Key to Umbria: Orvieto

San Giovanni Evangelista (1697-1704)

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A conical column of tufa that was found in 1880 on this site bears an Etruscan inscription(ca. 4th century BC): "TINIA TINSCVIL".  It probably formed part of an altar dedicated to Tinia (Zeus, Jove) from a temple on the site.  The inscription, which is now in the Museo Archeologico Nazionale, is discussed in context in the page Early Etruscan Inscriptions.

According to tradition, Pope John X founded the church of San Giovanni here in 916, although the complex was not documented until its restoration in 1003, when it was apparently restored and extended by Pope John XVII.  A community of canons was established here by Bishop Sigifredo (died 1028).

The church must have been restored again early in the 13th century (or perhaps it had been taken over by heretics) since Pope Innocent III consecrated it in 1216.  An associated hospice was documented in 1286. 

In 1498, Pope Alexander VI transferred the complex to a congregation of Lateran Canons based at San Salvatore, Bologna. 

A bequest from Bishop Giorgio della Rovere (died 1505) financed the restoration of the complex.  His cousin, Pope Julius II described the church as “vetusta antiquissima et magni edificii” (a venerable, ancient and magnificent edifice).

An earthquake destroyed the church in 1687 and it was demolished a decade later.  It was rebuilt with the opposite orientation and on an octagonal plan, to a design by Giovanni Battista Arrigoni.  The facade was completed in 1857 and the campanile was built in 1928. 



The complex enjoys a stunning position on the edge of the cliff.

Interior of the Church


The architectural fragments and inscriptions that were found nearby in 1912 are embedded in the wall, on both sides of the entrance.  Some probably belonged to an early church on the site, while others are older.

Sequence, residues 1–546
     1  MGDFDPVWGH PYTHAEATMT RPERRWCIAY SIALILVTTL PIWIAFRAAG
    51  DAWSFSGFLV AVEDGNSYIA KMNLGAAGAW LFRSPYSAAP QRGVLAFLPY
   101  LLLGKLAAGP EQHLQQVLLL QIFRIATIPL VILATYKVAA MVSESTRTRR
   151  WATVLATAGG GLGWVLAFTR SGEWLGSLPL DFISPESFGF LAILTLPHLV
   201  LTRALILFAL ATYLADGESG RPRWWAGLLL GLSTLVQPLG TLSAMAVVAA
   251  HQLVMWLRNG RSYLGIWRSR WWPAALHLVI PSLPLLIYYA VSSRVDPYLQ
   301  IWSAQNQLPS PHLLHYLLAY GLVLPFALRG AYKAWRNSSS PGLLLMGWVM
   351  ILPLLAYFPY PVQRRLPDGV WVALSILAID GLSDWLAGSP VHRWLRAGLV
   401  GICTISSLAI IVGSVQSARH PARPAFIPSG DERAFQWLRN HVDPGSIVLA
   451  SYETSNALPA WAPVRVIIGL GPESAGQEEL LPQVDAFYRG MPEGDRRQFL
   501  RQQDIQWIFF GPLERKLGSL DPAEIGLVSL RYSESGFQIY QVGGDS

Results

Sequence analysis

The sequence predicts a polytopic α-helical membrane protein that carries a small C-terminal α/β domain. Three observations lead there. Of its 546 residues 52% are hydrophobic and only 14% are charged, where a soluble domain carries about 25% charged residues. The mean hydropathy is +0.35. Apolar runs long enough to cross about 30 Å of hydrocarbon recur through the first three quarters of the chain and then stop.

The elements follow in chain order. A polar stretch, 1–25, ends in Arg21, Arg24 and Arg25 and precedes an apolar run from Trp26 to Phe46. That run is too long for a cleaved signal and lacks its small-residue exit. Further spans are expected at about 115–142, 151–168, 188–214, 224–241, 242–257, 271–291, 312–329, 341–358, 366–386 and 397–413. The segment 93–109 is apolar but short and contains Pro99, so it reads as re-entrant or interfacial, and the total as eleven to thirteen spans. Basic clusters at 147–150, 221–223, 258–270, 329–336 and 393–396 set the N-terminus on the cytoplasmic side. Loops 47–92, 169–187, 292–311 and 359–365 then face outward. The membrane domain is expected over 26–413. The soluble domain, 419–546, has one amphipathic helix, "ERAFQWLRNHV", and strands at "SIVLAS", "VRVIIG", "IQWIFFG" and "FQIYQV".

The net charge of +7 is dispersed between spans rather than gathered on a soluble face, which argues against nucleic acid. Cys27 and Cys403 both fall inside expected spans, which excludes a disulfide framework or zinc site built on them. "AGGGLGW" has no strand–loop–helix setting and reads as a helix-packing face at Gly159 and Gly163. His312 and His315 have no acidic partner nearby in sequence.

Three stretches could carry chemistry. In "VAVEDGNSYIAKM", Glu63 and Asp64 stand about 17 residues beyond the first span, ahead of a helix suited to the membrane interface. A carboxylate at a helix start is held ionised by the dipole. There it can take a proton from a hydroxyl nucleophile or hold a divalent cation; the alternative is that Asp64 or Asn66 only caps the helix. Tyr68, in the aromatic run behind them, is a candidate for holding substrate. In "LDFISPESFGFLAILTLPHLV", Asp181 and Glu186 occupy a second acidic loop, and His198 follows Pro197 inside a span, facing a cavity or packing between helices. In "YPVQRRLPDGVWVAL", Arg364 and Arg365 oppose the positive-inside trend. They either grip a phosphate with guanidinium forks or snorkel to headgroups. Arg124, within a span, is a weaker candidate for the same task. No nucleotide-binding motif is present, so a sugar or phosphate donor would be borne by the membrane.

The marble holy water soup (15th century) stands on a column that was probably carved in the 4th century AD.

Madonna della Fonte (14th century)

This framed and heavily repainted fresco in the apse was brought here from Santa Maria della Fonte when the latter church was demolished during the War of Castro (1644).

Art from the Church 

Standing Madonna and Child (ca. 1335)

This large wooden statue, which is badly damaged, is now in the Museo dell' Opera del DuomoThe baby Jesus holds an orb and raises His right hand in blessing.  The Madonna holds [a broken staff ??]

Monastery and Cloister


The canons' residence is to the right of the church.  The original cellars are now occupied by the Palazzo del Gusto and Enoteca Regionale.  The wellhead in the cloister, which is attributed to Antonio da Sangallo il Giovane, was probably built in or soon after 1532, when the canons of received money from the Commune for a cistern here.

If the door to the complex is open, you can see the cloister (1513), which contains an interesting wellhead (1526).  [Arms of Archdeacon Antonio Alberi ??]

Read more:

M. Maccarone, “Studie su Innocenzo III”, (1972) Padua (for the consecration of the church in 1216)

Return to Monuments of Orvieto.

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